A quick example: If 10 businesses commit to $1000 a month for 10 months, each business will receive $10,000 once during the 10 month period.  This money can be used to fund a project or place a down payment on something that will increase profit and benefit of the community. Or, the same group of 10 could commit to 20 months and take the ‘hand’ every 2 months at $20,000.  These sums of money can be targeted towards growing profitable solutions like: property ownership, community development programs, and expanding good business.

*Stay tuned for the registration link for the workshop ‘The Collective Power of Susu’ Feb 28, 2013 at Pan African Connection.

Shout out to all the local business owners! Keep ya head up! And sharpen your sword.  The strength of a network of independent businesses is evidenced in its collective works.

“If you want to go quickly, go alone; if you want to go far, go together.

Three:

When I think of big business like ProLine or even bigger like BET or smaller like the local Dallas radio station KKDA and the idea of these powerful resources being sold off, it saddens my heart. I know, it’s a money thang, right?  But, what about the legacy part?  That’s a lot of hard work to capture a specific community to then sell it outside of that community.  Do we know our value?  On just a money level, the collective Black buying power is almost 1 trillion! For real! Read here.  There is a major misappropriation of funds if the Black buying power is that of Canada, yet African Americans rank as the nation’s poor? Read about income levels & poverty rates here. S.O.S.Can we steer some of that wealth into saving ourselves?  And when we gather the wealth into a pot, can there be a commitment to not sell the pot away, never to be seen again.  What kind of return on investment is that? What if we re-socialize the value of cultural identity? To Do: Develop business long term strategic plans should include:1) succession plans and 2) internship and apprenticeship programs as a key integral part of the business model. Continue to teach and grow in cultural awareness. Know your enemy, know yourself.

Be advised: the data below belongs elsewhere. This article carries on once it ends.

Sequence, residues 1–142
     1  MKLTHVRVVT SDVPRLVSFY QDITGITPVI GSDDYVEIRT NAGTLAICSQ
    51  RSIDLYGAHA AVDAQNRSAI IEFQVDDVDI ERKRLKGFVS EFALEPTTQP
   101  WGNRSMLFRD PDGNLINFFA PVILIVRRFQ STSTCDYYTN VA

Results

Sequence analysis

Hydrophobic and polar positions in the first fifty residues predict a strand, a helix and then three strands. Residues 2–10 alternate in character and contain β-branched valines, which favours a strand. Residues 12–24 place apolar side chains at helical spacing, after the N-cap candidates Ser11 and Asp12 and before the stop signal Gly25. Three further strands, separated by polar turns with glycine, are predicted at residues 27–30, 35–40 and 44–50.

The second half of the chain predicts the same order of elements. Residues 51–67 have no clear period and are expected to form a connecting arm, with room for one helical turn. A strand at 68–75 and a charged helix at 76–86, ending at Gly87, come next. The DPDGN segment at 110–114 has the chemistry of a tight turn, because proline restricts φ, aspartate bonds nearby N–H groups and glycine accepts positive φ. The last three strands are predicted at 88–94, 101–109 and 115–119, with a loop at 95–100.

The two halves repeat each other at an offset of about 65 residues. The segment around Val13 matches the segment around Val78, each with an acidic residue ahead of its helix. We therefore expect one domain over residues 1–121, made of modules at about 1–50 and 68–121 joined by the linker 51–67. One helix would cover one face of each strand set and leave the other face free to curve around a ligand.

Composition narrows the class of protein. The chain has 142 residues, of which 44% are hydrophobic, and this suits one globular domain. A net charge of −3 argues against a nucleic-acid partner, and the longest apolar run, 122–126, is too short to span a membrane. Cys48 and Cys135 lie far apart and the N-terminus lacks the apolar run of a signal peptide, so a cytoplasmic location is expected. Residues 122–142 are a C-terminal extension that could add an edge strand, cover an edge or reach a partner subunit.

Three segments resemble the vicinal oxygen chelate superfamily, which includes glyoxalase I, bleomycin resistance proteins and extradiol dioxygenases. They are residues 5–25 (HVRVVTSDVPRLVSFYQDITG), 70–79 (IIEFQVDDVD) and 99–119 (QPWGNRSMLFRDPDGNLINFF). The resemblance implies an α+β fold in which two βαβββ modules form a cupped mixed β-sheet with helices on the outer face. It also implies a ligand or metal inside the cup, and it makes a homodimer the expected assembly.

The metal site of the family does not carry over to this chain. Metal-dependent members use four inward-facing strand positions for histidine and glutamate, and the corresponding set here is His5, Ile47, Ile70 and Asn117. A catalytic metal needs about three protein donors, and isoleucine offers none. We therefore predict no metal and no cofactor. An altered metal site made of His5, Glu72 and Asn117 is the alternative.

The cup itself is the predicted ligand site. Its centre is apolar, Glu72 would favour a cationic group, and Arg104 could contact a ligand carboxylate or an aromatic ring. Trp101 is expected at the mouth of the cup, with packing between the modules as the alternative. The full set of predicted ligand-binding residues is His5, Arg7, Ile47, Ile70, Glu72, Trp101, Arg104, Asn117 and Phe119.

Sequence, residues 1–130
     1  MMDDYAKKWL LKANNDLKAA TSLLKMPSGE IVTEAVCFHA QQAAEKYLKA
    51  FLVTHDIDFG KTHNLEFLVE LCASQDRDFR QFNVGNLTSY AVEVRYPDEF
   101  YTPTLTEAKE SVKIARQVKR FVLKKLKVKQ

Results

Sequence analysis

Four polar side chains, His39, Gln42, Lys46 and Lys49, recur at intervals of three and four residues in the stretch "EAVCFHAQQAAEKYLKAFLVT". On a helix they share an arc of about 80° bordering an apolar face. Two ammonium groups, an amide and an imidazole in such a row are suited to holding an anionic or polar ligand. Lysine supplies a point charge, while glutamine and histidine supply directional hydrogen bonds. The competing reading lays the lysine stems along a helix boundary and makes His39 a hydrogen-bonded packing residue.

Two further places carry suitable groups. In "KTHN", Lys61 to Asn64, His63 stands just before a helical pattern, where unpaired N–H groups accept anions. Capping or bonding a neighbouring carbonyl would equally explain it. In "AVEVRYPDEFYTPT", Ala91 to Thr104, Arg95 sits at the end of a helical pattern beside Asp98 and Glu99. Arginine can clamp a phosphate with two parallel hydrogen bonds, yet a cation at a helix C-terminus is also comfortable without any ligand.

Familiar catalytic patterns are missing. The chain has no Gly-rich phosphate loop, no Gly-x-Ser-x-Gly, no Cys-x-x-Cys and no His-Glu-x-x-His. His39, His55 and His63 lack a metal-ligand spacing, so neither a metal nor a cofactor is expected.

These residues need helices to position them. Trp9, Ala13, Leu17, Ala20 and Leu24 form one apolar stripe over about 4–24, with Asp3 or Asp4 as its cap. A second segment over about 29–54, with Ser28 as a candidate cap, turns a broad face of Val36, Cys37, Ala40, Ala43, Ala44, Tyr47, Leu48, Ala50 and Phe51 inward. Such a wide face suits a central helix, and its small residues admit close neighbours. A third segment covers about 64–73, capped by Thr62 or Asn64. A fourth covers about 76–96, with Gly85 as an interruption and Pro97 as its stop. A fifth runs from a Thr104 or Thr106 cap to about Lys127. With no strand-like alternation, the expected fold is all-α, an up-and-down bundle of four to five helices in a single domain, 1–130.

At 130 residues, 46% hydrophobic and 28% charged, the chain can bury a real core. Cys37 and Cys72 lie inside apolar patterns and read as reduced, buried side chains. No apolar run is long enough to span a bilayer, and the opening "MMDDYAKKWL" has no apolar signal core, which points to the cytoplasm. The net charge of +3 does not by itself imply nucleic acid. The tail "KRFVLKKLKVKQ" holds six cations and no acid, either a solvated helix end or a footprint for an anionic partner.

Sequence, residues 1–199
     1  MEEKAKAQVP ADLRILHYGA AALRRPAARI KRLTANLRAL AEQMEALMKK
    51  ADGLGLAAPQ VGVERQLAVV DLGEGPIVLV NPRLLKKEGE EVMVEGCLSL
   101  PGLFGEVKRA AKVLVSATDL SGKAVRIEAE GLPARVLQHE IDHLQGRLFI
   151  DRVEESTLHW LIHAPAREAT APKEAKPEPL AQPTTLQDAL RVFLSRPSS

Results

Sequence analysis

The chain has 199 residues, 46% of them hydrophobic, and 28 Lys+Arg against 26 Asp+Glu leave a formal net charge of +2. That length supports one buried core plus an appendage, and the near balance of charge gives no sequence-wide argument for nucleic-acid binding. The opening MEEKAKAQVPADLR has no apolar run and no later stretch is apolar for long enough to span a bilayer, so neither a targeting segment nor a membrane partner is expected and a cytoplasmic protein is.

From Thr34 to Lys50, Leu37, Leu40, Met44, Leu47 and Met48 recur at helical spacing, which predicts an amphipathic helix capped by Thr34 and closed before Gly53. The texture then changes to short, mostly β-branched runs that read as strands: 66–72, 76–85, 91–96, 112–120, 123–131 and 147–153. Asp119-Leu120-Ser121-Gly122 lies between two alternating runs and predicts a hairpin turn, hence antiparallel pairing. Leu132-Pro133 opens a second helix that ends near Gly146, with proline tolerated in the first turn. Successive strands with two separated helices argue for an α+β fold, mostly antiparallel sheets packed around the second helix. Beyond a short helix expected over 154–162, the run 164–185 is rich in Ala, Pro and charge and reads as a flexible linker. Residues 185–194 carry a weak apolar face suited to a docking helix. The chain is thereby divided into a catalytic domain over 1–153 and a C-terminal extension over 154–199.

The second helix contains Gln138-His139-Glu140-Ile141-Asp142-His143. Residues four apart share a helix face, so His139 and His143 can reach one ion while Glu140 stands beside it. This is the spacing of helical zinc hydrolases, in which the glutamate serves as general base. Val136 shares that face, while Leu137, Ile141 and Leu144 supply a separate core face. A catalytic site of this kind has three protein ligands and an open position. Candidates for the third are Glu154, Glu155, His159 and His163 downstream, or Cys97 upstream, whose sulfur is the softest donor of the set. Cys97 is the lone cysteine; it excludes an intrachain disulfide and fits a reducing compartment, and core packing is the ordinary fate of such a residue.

The wise build bridges, the foolish build dams

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One thought on “Field Notes: Dallas Business Scene

  1. This is great information T! I am so interested in working the SUSU Model with other community businesses. Thank you for bringing this to us. LET’S DO IT!

    Like